Brice Johnson Has More to Prove

After an All-American senior season, Brice Johnson is focused on proving his value to NBA teams in advance of the draft.

CHICAGO -- Brice Johnson isn't slowing down.

The former North Carolina forward capped off a First Team All-America season with a national title game appearance, and then immediately shifted to NBA Draft preparations.

After a month of training, Johnson attended the NBA Draft Combine, participating in athletic testing and interviews.

Johnson said he's spoken to 14 NBA teams, as he could remember interviews with Charlotte, Denver, Golden State, Houston, Milwaukee, Minnesota, Phoenix, San Antonio and both Los Angeles teams.

"It's been great. Just being myself. I don't have anything to hide from anyone. I'm just being myself and telling them how it is," Johnson said of the interviews.

"Just [answering] all of the questions that they have. People have been saying I'm lazy and stuff so I'm just trying to prove to them that I'm not. I think the proof's in the pudding with what I did this year. I'm not lazy, I'm just a laid-back type of guy. When it's time to play and get to work, I get my work done."

Next up are individual workouts for prospective teams. Johnson wants to prove that he's a more well-rounded forward than people might have given him credit for during his time at North Carolina.

"Just being able to step away from the basket. A lot of teams see me play around the basket or with my back to the basket and they just think I dunk the ball," Johnson said. "But I can step away from the basket and knock down the 15-foot jumper if I needed to. In my workouts with the teams I'll probably go out there and show them that I can really shoot the ball because I think that's the one question they have about me: whether I can shoot it or not."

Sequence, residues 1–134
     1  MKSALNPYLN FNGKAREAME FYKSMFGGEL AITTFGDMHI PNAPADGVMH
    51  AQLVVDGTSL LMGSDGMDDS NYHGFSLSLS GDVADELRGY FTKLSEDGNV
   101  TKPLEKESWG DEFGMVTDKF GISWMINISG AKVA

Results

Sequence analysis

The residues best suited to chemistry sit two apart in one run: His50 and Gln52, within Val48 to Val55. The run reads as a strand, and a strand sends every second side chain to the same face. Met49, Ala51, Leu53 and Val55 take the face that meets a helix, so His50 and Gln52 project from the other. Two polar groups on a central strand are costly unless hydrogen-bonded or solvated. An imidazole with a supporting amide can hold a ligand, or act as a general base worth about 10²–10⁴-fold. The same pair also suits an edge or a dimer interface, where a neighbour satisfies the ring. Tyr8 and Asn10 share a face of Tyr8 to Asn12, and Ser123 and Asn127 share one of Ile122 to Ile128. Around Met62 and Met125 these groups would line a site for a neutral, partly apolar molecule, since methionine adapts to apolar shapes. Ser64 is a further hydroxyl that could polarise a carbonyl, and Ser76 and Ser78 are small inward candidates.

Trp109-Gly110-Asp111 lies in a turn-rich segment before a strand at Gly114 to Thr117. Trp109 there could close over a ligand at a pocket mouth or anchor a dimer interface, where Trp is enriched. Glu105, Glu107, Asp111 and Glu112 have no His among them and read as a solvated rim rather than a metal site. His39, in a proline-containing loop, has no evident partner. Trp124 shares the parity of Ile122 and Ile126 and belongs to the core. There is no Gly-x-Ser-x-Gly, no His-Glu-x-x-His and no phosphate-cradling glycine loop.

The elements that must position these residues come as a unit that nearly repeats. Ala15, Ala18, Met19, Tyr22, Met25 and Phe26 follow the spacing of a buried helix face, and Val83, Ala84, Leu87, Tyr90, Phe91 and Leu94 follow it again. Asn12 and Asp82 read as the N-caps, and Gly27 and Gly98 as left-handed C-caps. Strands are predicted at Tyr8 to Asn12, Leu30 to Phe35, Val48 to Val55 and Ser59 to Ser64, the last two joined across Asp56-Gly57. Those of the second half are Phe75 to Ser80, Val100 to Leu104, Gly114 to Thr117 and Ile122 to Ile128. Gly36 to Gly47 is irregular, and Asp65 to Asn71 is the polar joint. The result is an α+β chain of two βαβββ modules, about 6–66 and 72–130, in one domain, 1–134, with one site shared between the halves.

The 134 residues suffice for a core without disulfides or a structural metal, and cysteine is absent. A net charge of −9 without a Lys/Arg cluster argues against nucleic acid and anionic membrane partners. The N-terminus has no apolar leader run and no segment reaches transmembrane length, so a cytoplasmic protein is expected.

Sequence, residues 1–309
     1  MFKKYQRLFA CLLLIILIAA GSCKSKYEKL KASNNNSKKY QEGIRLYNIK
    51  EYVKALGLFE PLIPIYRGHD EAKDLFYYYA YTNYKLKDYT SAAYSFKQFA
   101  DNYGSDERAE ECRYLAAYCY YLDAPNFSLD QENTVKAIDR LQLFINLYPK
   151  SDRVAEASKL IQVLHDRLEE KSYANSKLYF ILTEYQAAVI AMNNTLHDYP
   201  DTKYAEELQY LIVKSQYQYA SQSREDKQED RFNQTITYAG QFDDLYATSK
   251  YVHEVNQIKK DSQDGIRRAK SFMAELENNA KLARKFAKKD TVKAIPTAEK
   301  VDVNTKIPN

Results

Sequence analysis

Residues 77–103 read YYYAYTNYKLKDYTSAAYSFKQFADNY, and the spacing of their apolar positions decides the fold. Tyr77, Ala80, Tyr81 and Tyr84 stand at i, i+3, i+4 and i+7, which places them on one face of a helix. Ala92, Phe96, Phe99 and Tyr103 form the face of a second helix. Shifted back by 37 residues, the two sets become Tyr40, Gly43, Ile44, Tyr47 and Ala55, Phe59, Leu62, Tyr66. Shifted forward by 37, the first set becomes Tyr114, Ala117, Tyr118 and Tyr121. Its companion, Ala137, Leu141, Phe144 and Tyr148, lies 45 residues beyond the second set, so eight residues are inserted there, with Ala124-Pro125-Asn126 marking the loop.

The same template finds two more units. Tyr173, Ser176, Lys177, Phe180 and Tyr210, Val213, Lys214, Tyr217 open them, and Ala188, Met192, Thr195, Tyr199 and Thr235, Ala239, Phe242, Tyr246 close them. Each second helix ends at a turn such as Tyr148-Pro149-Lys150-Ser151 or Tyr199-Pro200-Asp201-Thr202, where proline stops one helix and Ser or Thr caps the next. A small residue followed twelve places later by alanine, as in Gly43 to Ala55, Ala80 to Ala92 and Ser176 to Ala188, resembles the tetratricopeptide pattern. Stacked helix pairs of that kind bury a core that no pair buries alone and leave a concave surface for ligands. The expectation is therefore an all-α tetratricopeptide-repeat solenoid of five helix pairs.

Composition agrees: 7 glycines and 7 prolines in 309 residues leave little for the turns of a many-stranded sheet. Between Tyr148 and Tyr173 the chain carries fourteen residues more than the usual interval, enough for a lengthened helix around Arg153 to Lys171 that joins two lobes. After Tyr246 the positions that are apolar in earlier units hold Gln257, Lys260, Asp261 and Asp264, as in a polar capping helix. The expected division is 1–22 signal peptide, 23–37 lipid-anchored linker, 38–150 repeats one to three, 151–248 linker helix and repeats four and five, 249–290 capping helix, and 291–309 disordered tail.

Johnson, who weighed in at 209 pounds (21 pounds under what he weighed heading into his senior season, according to UNC), is looking at himself as more of a face-up guy, since many teams have noted his lack of weight for NBA post play. This means that Johnson has been working hard on the skill component of his game.

"[I'm] working on my handle a little bit. I might have to handle the ball for a little bit. A lot of stretch fours handle the ball these days with the evolution of the NBA," Johnson said. "Just working on facing up. A guy my size I probably won't be able to play with my back to the basket. I'll probably have to face up on a guy and make a move."

Johnson feels that his four years of college basketball at North Carolina have helped prepare him for the NBA. The school produces so many pro-caliber players that Johnson has seen the benefit of talking to future pros to get a feel for how they got to be in their position.

"It prepares me a great deal," Johnson said of North Carolina. "There's such a rich tradition of guys going to the NBA and just being in that environment. Having those guys tell us their experiences and what it takes to get there, it really helps you in the long run when you want to work on your game and work in the gym. So you hear those guys say, 'yeah, [North Carolina is] a great place to be but you have to put in the work.'"

Having relationships with pros like Marvin Williams, Brendan Haywood, Sean May and Raymond Felton has helped Johnson over the last few years, but he's trying to model his own NBA game after a pair of players who bring different things to the table.

"Currently I probably model my game after Lamarcus Aldridge or Serge Ibaka," Johnson said. "For Serge, just his defensive intensity with blocking shots and stuff. On the offensive end he can also score. And with Lamarcus, he can score with his back to the basket and I can also do things like that."

The next month is pivotal for Johnson as he tries to lay the groundwork for his future career. At the moment, Johnson seems relaxed and prepared for anything that happens on his pro journey.

"Just being here, just taking it all in. It's a humbling experience just to be here so I'm not going to take it for granted. I'm just soaking it all in," Johnson said.

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